More Cop-on-Dog Violence

Wednesday, August 4th, 2010

Yet another cop-kills-the-family-dog story today, this one from Willits, California:

Mendocino Major Crimes Task Force agents, aided by a uniformed Willits police officer, serving a search warrant at 64 Franklin Avenue on July 27, shot and killed a family pet, an 8-year-old half-pit bull mix named Tonka.

When agents searched the home, they found nothing directly linking the residents to the arrest of Craig Anthony Gelber, the target of the search, according to MMCTF Commander Bob Nishiyama.

Apparently the raid came after police spotted their suspect at or near the residence with marijuana starts.

“I know the officer felt terrible,” says [police chief] Nishiyama about the shooting. “You may have the nicest dog in the world, but we don’t know it. Officers are authorized to defend themselves. We offered to take the dog and take care of it, but the family preferred to handle the arrangements themselves.”

According to resident Anna White, Tonka’s owner, the police shot her pet while it was in a fenced area on her front porch. “We found the shell casing outside by the fence area. Tonka then ran into our house, got onto my bed and died.”

White described her bedroom following the search, claiming Tonka’s body had been dumped from the bed onto the floor and items from her room dropped onto the body and into the dog’s blood. “They destroyed our house and found nothing,” says White. “Tonka lived long enough to die on my bed, which we shared each night.”

Tonka was one of three dogs at the home. White’s father was the only family member at home during the first part of the search. Her father got to the door after the shot had been fired, says White. The three dogs then ran into the home. Her father did not know at first Tonka had been shot since he was handcuffed and lying on the floor during the search.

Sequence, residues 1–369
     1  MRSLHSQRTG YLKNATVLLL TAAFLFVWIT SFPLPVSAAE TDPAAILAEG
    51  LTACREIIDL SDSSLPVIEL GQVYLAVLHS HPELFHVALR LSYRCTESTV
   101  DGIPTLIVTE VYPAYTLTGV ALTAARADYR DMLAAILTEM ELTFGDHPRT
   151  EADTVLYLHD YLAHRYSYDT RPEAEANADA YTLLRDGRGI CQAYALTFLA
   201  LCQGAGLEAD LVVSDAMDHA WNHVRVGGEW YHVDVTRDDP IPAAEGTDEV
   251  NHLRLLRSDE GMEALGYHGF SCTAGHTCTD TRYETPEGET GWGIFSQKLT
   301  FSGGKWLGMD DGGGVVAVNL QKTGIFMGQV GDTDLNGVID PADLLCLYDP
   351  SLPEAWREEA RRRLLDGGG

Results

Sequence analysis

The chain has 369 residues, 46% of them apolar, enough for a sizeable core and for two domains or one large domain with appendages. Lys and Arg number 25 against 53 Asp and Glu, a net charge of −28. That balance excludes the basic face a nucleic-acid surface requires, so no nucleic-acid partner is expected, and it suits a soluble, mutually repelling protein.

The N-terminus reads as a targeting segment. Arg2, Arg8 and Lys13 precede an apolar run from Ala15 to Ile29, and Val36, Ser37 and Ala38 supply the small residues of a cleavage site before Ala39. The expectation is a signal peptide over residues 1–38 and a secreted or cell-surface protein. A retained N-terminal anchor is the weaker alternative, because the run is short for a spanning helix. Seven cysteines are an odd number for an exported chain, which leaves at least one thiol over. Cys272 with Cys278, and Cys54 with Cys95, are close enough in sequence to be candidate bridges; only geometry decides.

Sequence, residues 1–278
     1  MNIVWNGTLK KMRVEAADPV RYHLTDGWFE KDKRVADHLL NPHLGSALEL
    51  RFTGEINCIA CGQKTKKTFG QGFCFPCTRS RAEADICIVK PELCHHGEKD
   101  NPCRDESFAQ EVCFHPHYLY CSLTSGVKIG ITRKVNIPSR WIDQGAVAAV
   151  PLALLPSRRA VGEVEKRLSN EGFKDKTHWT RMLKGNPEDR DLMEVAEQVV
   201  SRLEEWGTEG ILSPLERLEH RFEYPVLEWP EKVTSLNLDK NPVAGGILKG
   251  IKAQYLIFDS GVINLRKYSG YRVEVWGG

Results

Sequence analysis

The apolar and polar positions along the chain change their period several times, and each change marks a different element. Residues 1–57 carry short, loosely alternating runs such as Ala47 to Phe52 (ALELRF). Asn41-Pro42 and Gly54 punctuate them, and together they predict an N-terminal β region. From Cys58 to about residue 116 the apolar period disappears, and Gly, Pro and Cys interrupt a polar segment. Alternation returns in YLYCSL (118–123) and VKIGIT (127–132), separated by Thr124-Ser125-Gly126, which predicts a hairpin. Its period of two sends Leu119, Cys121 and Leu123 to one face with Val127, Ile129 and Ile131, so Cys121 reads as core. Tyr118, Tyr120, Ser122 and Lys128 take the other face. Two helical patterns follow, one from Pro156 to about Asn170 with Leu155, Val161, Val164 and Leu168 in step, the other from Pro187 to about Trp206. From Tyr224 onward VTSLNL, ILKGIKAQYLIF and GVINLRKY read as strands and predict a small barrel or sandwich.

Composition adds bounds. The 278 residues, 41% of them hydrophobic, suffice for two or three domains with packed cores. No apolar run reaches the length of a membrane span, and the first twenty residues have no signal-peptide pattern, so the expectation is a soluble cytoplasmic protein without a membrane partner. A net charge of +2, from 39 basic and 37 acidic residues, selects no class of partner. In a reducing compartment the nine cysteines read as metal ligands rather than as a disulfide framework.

Just collateral drug war damage. Nothing to see here.

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66 Responses to “More Cop-on-Dog Violence”

  1. #1 |  Boyd Durkin | 

    My point being, and everybody’s heard this angle before, is that I don’t see any small-government people moving to places with less government.

    This evidence, if presented, would it convince you that you’re wrong?

  2. #2 |  Cynical in CA | 

    #10 | Michael Chaney — “Again, the question is “why do cops have this problem that nobody else has?””

    Since cops have legal resort to firearms, and virtually no one else does, the solution becomes a self-fulfilling prophecy.

    Basically, when you have an option available to you, you tend to use it.

  3. #3 |  Cynical in CA | 

    #20 | Steve Verdon — “All cops are bad cops. Why? Because even the “good cops” cover up for the bad cops by not reporting them, letting them get away with being bad cops, by participating in a bankrupt and evil culture where force and brutality are seen as virtues not as evils.”

    Don’t forget the over-arching reason all cops are bad. They are paid with tax (read: stolen) money. This reason trumps all, and makes even the most golden-hearted, heroic officer forever tainted.

  4. #4 |  Cynical in CA | 

    #42 | GT

    Great comment GT, always a pleasure to read a fellow anarchist.

  5. #5 |  Cynical in CA | 

    #48 | BrentM — “how would you boycott police?”




    There’s three quick, easy, non-violent answers to your question. I’m sure with a bit more brainstorming, you could come up with a dozen more.

  6. #6 |  Steve Verdon | 

    I also don’t really see the point where having multiple police forces is just like having a single police force, only with more than one.